One of the most significant advantages of a reverse mortgage is that it allows homeowners to maintain possession of their home while still accessing their equity. This is ideal for those who want to retire in place.  

In addition, it eliminates monthly mortgage payments while potentially giving homeowners access to additional cash.  

Several retirees find themselves living on a fixed income, which can make it difficult to cover monthly expenses, pay off debts, pay for medical bills, and any other unexpected expenses.  

A reverse mortgage can make a significant difference in helping homeowners to offset those costs.  

A reverse mortgage can also be used by retirees to supplement their income if they don’t want to take out their retirement savings when the market is in a downturn.  

Selling Your Home: Is it a Good Idea? 

An alternative way to receive your home’s equity is to put it up for sale and keep the profits. 

After selling, you can opt to rent or move in with family members (if that is an option for you) or relocate to a community where there are homes in communities where the upkeep is included. 

If you are looking for a way to retire without the burden of homeownership, this might be an ideal solution. If you decide to obtain a reverse mortgage, you will still need to pay property taxes, homeowners insurance premiums, keep up with home maintenance, and pay any HOA fees, if there are any.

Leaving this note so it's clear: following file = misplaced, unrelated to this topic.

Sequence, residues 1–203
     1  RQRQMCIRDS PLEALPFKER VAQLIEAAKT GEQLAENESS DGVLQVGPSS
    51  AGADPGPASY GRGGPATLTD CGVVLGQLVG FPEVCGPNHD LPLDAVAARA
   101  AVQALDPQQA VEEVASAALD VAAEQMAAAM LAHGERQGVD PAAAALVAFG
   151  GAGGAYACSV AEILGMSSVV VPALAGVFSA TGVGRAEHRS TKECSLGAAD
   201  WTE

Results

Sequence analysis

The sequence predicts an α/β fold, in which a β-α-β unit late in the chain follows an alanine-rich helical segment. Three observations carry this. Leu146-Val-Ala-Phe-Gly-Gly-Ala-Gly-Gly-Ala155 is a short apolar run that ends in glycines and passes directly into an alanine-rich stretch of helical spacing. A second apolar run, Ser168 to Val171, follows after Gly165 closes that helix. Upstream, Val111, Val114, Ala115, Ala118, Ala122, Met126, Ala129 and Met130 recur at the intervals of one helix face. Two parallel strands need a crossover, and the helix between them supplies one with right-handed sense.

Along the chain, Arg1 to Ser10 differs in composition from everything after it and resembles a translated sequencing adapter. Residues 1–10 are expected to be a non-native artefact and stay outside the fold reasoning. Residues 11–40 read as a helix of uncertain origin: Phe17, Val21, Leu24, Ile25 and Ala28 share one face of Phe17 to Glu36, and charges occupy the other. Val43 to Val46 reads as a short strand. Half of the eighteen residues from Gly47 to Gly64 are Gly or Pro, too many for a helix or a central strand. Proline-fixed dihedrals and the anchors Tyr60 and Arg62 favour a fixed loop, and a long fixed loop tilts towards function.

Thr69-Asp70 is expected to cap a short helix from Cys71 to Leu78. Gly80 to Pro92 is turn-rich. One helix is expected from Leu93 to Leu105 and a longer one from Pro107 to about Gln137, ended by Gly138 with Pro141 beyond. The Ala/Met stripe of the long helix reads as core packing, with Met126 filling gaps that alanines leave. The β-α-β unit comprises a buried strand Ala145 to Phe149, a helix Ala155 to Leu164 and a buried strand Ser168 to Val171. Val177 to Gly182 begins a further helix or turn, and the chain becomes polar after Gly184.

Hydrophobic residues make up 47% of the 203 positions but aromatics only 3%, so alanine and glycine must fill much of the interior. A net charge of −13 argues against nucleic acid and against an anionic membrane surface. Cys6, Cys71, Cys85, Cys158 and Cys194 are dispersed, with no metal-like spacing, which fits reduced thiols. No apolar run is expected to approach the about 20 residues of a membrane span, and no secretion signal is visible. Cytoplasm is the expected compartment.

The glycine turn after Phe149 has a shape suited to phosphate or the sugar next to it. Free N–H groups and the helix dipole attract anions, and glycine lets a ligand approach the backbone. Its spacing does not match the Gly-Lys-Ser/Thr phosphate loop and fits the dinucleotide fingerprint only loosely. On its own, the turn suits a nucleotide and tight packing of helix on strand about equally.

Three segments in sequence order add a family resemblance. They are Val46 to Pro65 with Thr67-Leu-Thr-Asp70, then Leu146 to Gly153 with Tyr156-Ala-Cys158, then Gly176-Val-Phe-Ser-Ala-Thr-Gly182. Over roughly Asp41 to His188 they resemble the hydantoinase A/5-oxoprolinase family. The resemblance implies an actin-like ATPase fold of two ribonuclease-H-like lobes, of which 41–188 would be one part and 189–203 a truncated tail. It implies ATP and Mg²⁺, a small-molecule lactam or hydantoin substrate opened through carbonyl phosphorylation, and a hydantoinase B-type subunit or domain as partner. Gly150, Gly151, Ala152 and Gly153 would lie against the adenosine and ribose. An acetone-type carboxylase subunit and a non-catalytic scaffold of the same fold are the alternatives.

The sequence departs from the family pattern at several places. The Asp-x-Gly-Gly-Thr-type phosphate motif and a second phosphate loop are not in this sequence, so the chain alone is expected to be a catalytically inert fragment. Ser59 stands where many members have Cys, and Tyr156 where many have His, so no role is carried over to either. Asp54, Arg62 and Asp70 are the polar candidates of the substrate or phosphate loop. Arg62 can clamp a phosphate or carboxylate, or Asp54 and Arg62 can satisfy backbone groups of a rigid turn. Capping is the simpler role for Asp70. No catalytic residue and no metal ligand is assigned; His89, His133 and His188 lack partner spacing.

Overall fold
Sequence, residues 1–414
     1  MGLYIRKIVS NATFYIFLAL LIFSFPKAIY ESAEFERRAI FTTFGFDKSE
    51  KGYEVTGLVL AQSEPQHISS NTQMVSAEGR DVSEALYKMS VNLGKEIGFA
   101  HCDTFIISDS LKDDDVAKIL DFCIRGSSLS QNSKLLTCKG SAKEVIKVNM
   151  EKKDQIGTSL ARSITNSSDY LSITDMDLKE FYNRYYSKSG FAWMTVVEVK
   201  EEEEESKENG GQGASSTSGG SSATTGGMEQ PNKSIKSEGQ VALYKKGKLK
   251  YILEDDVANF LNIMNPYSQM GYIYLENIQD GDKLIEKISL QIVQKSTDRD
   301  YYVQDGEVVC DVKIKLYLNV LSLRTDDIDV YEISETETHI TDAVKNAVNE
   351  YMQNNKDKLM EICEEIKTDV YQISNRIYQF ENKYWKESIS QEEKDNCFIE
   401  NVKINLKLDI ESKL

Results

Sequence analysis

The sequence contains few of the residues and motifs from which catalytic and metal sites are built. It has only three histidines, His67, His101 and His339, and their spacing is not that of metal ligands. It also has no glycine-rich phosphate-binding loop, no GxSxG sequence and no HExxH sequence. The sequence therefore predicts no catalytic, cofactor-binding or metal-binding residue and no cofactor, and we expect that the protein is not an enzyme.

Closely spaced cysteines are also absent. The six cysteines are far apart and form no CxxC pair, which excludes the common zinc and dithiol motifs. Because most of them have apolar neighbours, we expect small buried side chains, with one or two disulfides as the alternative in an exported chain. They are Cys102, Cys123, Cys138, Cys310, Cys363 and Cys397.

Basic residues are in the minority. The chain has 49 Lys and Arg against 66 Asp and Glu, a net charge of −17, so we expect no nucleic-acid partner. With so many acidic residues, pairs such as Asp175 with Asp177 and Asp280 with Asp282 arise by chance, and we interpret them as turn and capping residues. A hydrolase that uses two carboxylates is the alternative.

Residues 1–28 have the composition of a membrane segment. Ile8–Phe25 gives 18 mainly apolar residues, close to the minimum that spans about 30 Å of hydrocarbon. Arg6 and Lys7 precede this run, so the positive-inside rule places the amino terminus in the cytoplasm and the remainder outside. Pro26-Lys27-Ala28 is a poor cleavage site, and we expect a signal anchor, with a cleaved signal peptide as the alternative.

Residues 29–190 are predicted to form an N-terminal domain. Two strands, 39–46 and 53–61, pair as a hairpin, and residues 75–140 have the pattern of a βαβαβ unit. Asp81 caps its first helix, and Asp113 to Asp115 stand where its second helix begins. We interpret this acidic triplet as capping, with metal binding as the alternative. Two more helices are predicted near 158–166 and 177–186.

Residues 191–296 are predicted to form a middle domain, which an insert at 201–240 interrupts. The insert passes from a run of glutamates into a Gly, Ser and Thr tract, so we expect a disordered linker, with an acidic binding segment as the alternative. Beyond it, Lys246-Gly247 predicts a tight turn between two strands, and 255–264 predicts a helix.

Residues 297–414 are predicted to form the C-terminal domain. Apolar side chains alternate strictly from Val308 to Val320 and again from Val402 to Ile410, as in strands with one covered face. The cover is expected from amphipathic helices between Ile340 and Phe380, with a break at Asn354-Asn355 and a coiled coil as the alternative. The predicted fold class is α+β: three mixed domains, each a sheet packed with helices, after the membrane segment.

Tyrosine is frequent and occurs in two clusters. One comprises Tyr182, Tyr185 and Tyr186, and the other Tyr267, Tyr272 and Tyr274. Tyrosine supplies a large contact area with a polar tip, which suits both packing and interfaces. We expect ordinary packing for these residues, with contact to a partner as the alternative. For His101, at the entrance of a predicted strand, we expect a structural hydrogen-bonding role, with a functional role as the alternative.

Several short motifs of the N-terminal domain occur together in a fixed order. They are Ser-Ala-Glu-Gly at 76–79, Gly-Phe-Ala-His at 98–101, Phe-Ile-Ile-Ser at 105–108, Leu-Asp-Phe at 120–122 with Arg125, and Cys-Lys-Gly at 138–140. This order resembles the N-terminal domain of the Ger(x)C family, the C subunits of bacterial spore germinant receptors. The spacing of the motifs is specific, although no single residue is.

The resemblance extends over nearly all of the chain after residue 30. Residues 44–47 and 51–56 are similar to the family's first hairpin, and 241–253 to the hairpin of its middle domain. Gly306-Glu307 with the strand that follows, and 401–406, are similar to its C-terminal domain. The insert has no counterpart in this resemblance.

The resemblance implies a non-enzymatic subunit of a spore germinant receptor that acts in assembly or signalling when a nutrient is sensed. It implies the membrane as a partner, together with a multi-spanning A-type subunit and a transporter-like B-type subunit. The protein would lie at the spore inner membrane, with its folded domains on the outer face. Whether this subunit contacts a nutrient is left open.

Selling your home could be a great idea if you are seeking to significantly reduce your living space or move to an area where housing costs are much lower than what you pay now. If the value of your home is high enough, then you may be able to generate enough funds from the sale that would enable you to purchase a new residence with cash, free of any mortgage obligations. 

However, it is important to remember that even if you sell your home, you do have to live somewhere, so you will want to weigh the costs.  

Reverse Mortgage vs. Selling Your Home: Weighing Your Options 

The final choice between a reverse mortgage or selling your home will come down to evaluating your personal situation and needs. 

If you’re planning to remain in your current residence and need extra funds for income support, money for major home repairs or renovations, or an emergency fund, then a reverse mortgage could be the optimal solution. 

If you’re ready to move on from owning a home and gain some return on your investment, then selling your property could be the best option. 

If you would like to sell your current home and purchase a new home, and you like the idea of retiring without monthly mortgage payments, another option to consider is a reverse mortgage for purchase.  

Whenever making a decision that has financial implications, such as selling your home or obtaining a reverse mortgage, it’s important to speak with a financial advisor and the family members who may be affected by your choice. 

What to Do Next 

If you decide that you want to sell your home, your next step will be to reach out to a real estate agent to help you with your home sale. 

If you decide that you want to pursue a reverse mortgage, your next step is to talk to a reverse mortgage lender.  

Go here to download a free reverse mortgage guide or go here to find a reverse mortgage specialist from Mutual of Omaha Mortgage.  

Reverse mortgage borrower must occupy home as primary residence and remain current on property taxes, homeowner’s insurance, the costs of home maintenance, and any HOA fees.  

This information is intended to be general and educational in nature and should not be construed as financial advice. Consult your financial advisor before implementing financial strategies for your retirement.